The series of Apollo missions got off to a disastrous start, as Apollo 1 was incinerated on the launch-pad; claiming the lives of Virgil Grissom, Ed White and Roger Chaffee in January 1967. It is a little unnerving to recall that Grissom almost lost his life after the splash-down of Mercury 4, when the capsule flooded. The medallion below left is a little commemorative made by Affer, Italian Mint, in typical high-relief style: next to it is one from the Franklin Mint.
There were 17 Apollo missions altogether; not all were manned, they started at number 7. Apollo 8 (Borman-Lovell-Anders) is famous for the photo taken of “Earth-rise”. Apollo 11 landed on the Moon, while subsequent visits continued with various projects, including riding on moon-buggies to explore the landscape further afield and collect rocks. Not all commemoratives are small in size, by the way; for example here’s a nice chunky one for Apollo 17 that measures two and a half inches across; made by the Medallic Arts Company (or MACO for short).
From these missions one can move on to space-station medallions such as those for Sky-Lab, and of course the Space Shuttles; plus a whole host of satellites and other unmanned vehicles. Many of these coins were crafted by the Franklin Mint, which has turned out numerous series of bronze, silver and gold collectors’ items.
But what of Russia? Well, there are memorabilia for their missions as well, of course. Some are of their time, others were struck well after the event; but that can also be said for quite a few medallions in the USA series as well. This rather large and somewhat crusty table-medal below is probably of its time, though; it celebrates the launch of Luna 1 in 1959, featuring the rocket on one side and a description on the other. Made of bronze, it is about two and a half inches across (that’s about 62mm or so).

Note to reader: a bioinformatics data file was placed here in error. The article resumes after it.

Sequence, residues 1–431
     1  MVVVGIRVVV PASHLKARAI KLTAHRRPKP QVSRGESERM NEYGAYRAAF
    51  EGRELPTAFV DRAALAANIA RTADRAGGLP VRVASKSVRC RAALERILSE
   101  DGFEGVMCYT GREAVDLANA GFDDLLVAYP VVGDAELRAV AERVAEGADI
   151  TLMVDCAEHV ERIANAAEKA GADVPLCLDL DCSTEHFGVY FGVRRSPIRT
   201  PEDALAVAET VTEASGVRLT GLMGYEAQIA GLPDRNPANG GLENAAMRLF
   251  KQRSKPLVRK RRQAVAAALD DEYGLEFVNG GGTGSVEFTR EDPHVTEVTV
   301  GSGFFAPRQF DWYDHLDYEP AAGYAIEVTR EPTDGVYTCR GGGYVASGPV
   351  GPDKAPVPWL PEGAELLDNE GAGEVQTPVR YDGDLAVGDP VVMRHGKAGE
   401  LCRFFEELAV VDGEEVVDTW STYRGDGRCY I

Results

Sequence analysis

Yuri Gagarin was the first man in space, April 12th 1961:
This was issued by an American magazine as a “coin of the month”, the same as for the two small medalets below. The first celebrates Sputnik 1 and the second one the Vostoks 3 and 4 space rendez-vous, manned by astronauts Andriyan Nikolayev (3) and Pavel Popovitch (4).
One of the nice things about space missions is the number of pin badges to be found (there are plenty of American ones, but my first encounter with pins was via a Russian Ebay seller). I had not intended collecting these but got tempted with two or three and now have over twenty; for example these:
The Mars 2 and 3 mission was a landing-vehicle and an orbiter, sent up in 1971. The lander crashed into the Martian surface. The two dogs (on a separate mission) orbited Earth in Sputnik 5 in 1959; they returned safely. Lunokhod 1 was the first Moon exploration rover in 1970; another 50 year anniversary coming up at the time of writing.
I’ve focused on medals, medalets and badges because to me they feel substantial in the hand. However there is a mass of paper ephemera for those interested; postcards, first day covers, astronauts’ patches, other stamps, certificates, newspaper cuttings, etc etc.
Once you start looking at space exploration medallions, you realise just how many have been made and how vast the potential is for collecting them. Other countries besides Russia and America have made them so the range is huge. They may not be all world-beaters in terms of rarity or value; and may not be worth much more than what I have paid for them when my time on this Earth is done; but they carry much history with them and many have been delightfully made. I simply enjoy them for what they are.
Identification of some pieces has been difficult, but I have managed to find a few websites where keen collectors have displayed items and given good descriptions, so I am grateful for those; in particular https://www.spacecollection.info
© C A Dark 2020